The result is that production and operations often have to make do with what they’re given. In a sense, the scope and capabilities of an HDTV facility tend to represent handcuffs on production and operations. This is because the outer limits of what is possible have been predetermined by engineering designs.
Let me explain.
WAITING IN THE WINGS
Imagine a typical news control room that is being rebuilt for HD. Let’s also imagine that this control room has six VTRs (or server channels), four channels of CG (Deko, Chyron, etc.) and a fairly common complement of three music playbacks (Digicarts, etc.), in addition to the usual fare of studio microphones and receive lines. Confronted by the task of rebuilding the audio infrastructure for this room—the engineering team is immediately faced with a dramatic increase in the possible number of inputs needed by the audio console.
In the old SD control room, each of these devices (VTRs, CGs, Digicarts) would typically only be wired for two channels. If the engineering team is looking at a 40-input console that needs to be replaced, and if each of those two-channel sources could conceivably by replaced by 6-, or 8-, or even 12-channel HD equivalents, that simple little 40-input desk needs to be replaced by a 200+ input monster!
Do you want to guess how the average engineer deals with this conundrum? He decides that not all of the inputs are needed!
In the realm of seemingly innocuous engineering decisions, something as simple as deciding that only two of the six VTRs need to be able to play out multichannel audio is a major problem waiting to happen. In the old control room, production could structure their shows such that all VTRs were identical in their performance. Tape traffic in the old days was an issue of personal preference, and the needs of a given show.
But, in this new environment, if engineering has predetermined that only two of the machines can play back surround material, production has a significant limitation on how they can structure and execute their show.
The list of potential problems in this area precisely matches the number of times engineering makes a format-limiting decision. Deciding that multichannel capable music playback devices aren’t necessary because “all of their music is in stereo anyways” starts to be a real difficulty when production decides to have fancy new 5.1 theme music commissioned.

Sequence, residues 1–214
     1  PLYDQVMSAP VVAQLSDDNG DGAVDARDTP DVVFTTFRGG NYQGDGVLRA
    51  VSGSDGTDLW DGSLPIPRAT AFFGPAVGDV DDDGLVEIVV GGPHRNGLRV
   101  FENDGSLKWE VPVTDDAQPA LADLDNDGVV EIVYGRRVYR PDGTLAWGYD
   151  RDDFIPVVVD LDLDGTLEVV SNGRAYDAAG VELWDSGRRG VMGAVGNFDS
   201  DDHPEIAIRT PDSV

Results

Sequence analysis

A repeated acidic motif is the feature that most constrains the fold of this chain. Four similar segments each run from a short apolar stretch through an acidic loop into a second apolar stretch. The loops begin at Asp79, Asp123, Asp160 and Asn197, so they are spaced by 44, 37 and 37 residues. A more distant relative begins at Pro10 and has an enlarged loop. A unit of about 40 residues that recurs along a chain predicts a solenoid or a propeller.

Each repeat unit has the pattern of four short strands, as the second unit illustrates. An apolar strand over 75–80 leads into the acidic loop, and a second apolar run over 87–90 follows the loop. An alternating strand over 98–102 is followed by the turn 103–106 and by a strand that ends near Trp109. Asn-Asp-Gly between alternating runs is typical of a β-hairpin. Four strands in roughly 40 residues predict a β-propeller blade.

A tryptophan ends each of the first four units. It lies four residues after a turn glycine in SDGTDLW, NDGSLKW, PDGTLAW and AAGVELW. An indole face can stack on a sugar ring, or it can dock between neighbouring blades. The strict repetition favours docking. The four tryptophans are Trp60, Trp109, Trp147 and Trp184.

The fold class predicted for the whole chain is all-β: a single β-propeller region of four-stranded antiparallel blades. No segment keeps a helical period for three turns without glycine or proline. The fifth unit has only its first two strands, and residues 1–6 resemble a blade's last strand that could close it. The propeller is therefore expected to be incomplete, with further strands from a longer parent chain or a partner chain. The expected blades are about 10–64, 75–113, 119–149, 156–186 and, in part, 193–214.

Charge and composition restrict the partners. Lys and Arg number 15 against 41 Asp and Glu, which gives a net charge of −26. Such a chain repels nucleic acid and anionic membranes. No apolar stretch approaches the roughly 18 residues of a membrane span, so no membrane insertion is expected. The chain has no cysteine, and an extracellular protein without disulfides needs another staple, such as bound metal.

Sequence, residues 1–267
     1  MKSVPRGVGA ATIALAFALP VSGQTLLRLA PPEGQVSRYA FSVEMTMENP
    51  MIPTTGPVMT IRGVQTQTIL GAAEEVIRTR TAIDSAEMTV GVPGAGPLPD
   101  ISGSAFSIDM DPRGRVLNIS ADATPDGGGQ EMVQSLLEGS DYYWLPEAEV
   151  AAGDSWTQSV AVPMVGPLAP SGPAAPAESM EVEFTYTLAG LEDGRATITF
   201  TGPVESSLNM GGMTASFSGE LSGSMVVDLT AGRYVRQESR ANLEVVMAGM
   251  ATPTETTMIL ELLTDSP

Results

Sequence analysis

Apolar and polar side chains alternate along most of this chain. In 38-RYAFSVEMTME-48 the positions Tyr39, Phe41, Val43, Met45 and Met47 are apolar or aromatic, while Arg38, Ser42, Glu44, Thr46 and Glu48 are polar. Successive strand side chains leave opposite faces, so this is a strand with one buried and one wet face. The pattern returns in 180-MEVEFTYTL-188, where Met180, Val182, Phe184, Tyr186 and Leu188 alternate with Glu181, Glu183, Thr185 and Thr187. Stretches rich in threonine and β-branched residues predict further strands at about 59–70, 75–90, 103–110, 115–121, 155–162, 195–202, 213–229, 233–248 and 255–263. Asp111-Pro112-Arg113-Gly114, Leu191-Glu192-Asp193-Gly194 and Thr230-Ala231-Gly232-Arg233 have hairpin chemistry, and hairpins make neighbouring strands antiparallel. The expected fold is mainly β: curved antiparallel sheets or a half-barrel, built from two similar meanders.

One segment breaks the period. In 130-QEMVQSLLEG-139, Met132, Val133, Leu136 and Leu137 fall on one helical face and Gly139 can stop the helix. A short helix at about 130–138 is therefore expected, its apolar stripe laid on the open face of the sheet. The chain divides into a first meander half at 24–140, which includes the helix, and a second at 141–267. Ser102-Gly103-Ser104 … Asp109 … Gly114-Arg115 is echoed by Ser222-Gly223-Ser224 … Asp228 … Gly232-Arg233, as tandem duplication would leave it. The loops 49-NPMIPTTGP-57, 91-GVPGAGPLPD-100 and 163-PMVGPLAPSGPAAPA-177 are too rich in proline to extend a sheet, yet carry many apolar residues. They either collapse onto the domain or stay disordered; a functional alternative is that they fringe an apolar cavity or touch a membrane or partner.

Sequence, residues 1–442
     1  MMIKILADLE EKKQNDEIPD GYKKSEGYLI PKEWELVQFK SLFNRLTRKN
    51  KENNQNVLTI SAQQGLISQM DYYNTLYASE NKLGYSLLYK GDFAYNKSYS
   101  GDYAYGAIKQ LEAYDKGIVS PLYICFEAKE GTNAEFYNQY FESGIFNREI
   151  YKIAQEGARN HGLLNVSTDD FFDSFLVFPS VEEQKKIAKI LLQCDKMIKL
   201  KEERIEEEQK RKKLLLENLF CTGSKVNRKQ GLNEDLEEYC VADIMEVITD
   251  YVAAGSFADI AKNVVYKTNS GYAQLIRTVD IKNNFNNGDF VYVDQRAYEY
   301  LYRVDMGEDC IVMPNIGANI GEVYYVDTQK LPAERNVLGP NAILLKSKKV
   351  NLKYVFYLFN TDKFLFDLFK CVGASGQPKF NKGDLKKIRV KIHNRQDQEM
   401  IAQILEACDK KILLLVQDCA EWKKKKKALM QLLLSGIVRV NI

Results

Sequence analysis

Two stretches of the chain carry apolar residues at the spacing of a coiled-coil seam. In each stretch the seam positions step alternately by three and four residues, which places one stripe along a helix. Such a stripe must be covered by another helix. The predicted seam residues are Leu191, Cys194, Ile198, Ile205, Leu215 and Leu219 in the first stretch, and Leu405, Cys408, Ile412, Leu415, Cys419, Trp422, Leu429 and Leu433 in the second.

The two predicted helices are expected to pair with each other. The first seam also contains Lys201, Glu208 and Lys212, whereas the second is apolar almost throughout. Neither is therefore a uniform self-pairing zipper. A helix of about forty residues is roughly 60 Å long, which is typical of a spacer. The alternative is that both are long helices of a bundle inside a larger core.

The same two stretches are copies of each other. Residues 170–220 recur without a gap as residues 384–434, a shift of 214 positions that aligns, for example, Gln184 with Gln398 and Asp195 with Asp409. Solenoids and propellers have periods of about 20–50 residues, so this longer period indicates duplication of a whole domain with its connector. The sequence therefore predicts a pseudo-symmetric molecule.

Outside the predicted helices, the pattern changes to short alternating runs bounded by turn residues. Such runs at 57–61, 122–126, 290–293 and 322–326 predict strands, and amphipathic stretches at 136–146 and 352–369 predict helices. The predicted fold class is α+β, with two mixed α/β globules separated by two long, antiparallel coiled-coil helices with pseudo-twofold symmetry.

Not planning for, and wiring for, the audio I/O on the groovy new HD character generator because “the font never made noise before” becomes a problem when the sound designer builds 5.1 sound effects to accompany the animated fonts, and there’s suddenly no way to accommodate them. As you might imagine, this list of “oh, by the ways” is quite lengthy and accounts for most of the “Hard-to-Do” sentiment.
The solution? It’s easy and hard all at the same time. The simplest way to build an HD infrastructure which is truly future-proof (to say nothing of production-proof) is to imagine that everything and anything that was two-channels is going to be replaced by a multichannel equivalent.
In other words, make no assumptions about how your new facility will ultimately be used. A VTR that can handle 12 channels of audio is perfectly happy to deal with just stereo, and these days, an audio console that has 200 inputs is no more unwieldy than one that only has 80 inputs.
It’s undoubtedly a hard thing to sell at budget time, but, doing the minimum now almost certainly means you’ll be doing it again soon, and usually at a higher total cost. Building an infrastructure which is audio-format agnostic is simply the best decision you can take. It will seem a little absurd at times, but I guarantee it will pay dividends when producers and directors start prowling around asking for the world.